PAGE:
Saturday, June 23
I apologize that my race report was delayed today, but it has been a very busy 36 hours since the start. The start was a lot of fun as it was directly downwind through the narrow St. Georges cut and out into the Atlantic. My sailing partner, Dobbs Davis, and I had conceived and practiced a very nice starting maneuver only to get messed up when the boat went into irons just two minutes before the start. An Open 50 with no jib up does not tack very well and when you don't make it through the tack, you start sailing backwards... fast. Luckily we rolled out the staysail quickly and got the boat going again and were on the start line on the gun, but it was not pretty. We sailed next to the Open 40 "Wild Eyes" out the cut and around Mills Breaker buoy and then Kitchen Shoals and then off into the Atlantic.
The strategy was to head to the west of the rhumb line (straight line to Newport) in order to get into the favorable current of a cold eddy south of the gulf stream. We were steaming happily along when the wind went from to SW into the NW, making it impossible for us to get far enough west to benefit from the current. So we plugged on- hard on the wind, healed over at a 30 degree angle which makes it difficult to do just about anything. As night fell the wind increased and we shortened sail as blue water rolled over the deck. Around 2:00 am I discovered a large amount of water in the lazarette (stern compartment) caused by a leak in the starboard lower rudder bearing. When we were healed over so far, the tube that comes up from the hull that encloses the rudder post filled with water and overflowed into the lazarette. When I discovered it, there was enough water in there that it took me 20 bucket loads to dry it out. I was soaked and exhausted but at least I knew the source of the leak and reduced sail further to lessen the heal angle to keep the boat dry.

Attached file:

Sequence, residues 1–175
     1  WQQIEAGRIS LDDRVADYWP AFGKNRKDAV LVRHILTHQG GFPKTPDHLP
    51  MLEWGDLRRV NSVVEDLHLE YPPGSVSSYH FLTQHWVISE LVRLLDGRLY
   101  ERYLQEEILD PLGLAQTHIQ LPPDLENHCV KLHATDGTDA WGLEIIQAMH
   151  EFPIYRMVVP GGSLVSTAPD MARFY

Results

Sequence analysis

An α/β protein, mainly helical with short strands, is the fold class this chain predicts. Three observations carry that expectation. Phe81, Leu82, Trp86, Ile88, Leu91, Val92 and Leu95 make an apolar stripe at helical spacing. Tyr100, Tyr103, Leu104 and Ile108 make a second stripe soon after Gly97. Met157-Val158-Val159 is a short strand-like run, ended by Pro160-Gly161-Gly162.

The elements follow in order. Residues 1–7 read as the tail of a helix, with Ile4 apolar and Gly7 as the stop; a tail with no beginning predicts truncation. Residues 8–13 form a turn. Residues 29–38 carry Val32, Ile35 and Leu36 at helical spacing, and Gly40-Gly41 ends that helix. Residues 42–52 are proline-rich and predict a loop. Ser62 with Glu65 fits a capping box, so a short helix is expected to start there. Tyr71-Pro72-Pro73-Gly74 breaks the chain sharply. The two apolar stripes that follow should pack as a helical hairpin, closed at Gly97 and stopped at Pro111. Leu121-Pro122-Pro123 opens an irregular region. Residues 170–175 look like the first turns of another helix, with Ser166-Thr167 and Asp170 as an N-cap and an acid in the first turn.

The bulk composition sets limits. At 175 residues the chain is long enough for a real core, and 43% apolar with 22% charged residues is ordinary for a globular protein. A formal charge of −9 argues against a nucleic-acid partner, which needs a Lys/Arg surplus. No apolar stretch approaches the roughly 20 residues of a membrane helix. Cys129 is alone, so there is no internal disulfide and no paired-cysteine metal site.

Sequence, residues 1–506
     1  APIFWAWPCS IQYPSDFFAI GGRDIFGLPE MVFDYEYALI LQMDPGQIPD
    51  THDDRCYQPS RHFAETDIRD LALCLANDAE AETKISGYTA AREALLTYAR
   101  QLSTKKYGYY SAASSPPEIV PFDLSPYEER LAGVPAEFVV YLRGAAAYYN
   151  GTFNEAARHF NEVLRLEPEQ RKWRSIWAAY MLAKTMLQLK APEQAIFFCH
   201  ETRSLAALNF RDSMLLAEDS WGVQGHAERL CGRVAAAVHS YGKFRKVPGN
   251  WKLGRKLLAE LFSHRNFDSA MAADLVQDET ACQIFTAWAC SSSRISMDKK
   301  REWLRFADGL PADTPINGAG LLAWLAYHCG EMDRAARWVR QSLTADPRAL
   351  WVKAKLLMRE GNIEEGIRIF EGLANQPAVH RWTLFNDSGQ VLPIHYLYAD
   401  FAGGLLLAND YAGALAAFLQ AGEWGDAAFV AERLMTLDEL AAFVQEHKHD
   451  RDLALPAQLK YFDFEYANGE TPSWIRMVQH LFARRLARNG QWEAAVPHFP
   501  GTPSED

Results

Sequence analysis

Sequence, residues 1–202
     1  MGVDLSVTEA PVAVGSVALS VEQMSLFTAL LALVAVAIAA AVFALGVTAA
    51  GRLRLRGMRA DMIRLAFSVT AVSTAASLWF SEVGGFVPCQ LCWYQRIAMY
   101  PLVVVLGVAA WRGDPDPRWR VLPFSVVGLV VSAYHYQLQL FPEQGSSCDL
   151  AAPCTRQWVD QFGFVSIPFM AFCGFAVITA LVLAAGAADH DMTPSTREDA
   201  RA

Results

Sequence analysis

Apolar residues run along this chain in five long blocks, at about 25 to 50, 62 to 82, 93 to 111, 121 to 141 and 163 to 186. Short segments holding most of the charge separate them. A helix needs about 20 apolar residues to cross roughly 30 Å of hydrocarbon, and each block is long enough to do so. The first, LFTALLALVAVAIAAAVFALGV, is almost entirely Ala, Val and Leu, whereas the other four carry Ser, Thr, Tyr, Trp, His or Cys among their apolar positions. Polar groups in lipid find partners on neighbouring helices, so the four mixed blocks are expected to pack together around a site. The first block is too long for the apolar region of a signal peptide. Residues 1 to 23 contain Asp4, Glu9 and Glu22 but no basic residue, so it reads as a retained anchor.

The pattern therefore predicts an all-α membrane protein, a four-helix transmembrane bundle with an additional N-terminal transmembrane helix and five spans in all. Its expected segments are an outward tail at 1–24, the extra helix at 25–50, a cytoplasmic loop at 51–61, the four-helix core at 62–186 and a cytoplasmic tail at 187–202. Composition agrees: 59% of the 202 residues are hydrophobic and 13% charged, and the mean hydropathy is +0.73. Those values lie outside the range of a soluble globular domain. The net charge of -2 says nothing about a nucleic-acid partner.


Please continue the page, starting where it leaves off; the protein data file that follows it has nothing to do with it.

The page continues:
After a long night of sail changes, disaster management, little sleep and no food, when the sun came out I discovered that we had a broken batten in the mainsail. Battens are long tubes of carbon fiber used to make the sail fly straight and when the break, they can punch through and tear the sail, perhaps causing a catastrophic tear across the whole sail. Dobbs and I discussed the situation and decided to lower the sail to remove the batten and see if the sail would work without it. It didn't- the leach (trailing edge) flapped like crazy and the sail was way too full. So we dropped the sail again and reloaded the broken batten, making sure there were no jagged ends to poke through the cloth. Hopefully it will hold until we get to Newport to replace the batten.
We are now steaming along at 9.7 knots in lumpy seas, about 90 miles from the Gulf Stream, and very questionable winds in the forecast. Our strategy has been reduced to trying to keep the boat going fast in the right general direction of Newport and try not to break anything else. I have a feeling that the smaller boats have been doing pretty well in this light stuff today and we have not been able to separate ourselves from the fleet like I did in the first leg but I have no official reports. We just ate a delicious Alpine Aire freeze dried dinner with tomatoes, onions and cheese added and it is high time for a spot of Earl Gray tea. Dobbs Davis is proving to be a great sailing partner and we have been getting to know one another as we work the boat.
A beautiful sunset is on the horizon and I wish everyone a peaceful Saturday night-
PS - View other pictures from the start of Leg #2: Gryphon Solo B1-2 Photo Archive